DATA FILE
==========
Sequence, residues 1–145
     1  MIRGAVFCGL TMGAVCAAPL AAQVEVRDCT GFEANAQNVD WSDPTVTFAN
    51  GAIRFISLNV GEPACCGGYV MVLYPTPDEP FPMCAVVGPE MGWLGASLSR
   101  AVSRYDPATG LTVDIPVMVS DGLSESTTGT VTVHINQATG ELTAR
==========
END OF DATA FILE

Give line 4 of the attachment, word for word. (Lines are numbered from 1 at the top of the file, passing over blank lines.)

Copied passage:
   101  AVSRYDPATG LTVDIPVMVS DGLSESTTGT VTVHINQATG ELTAR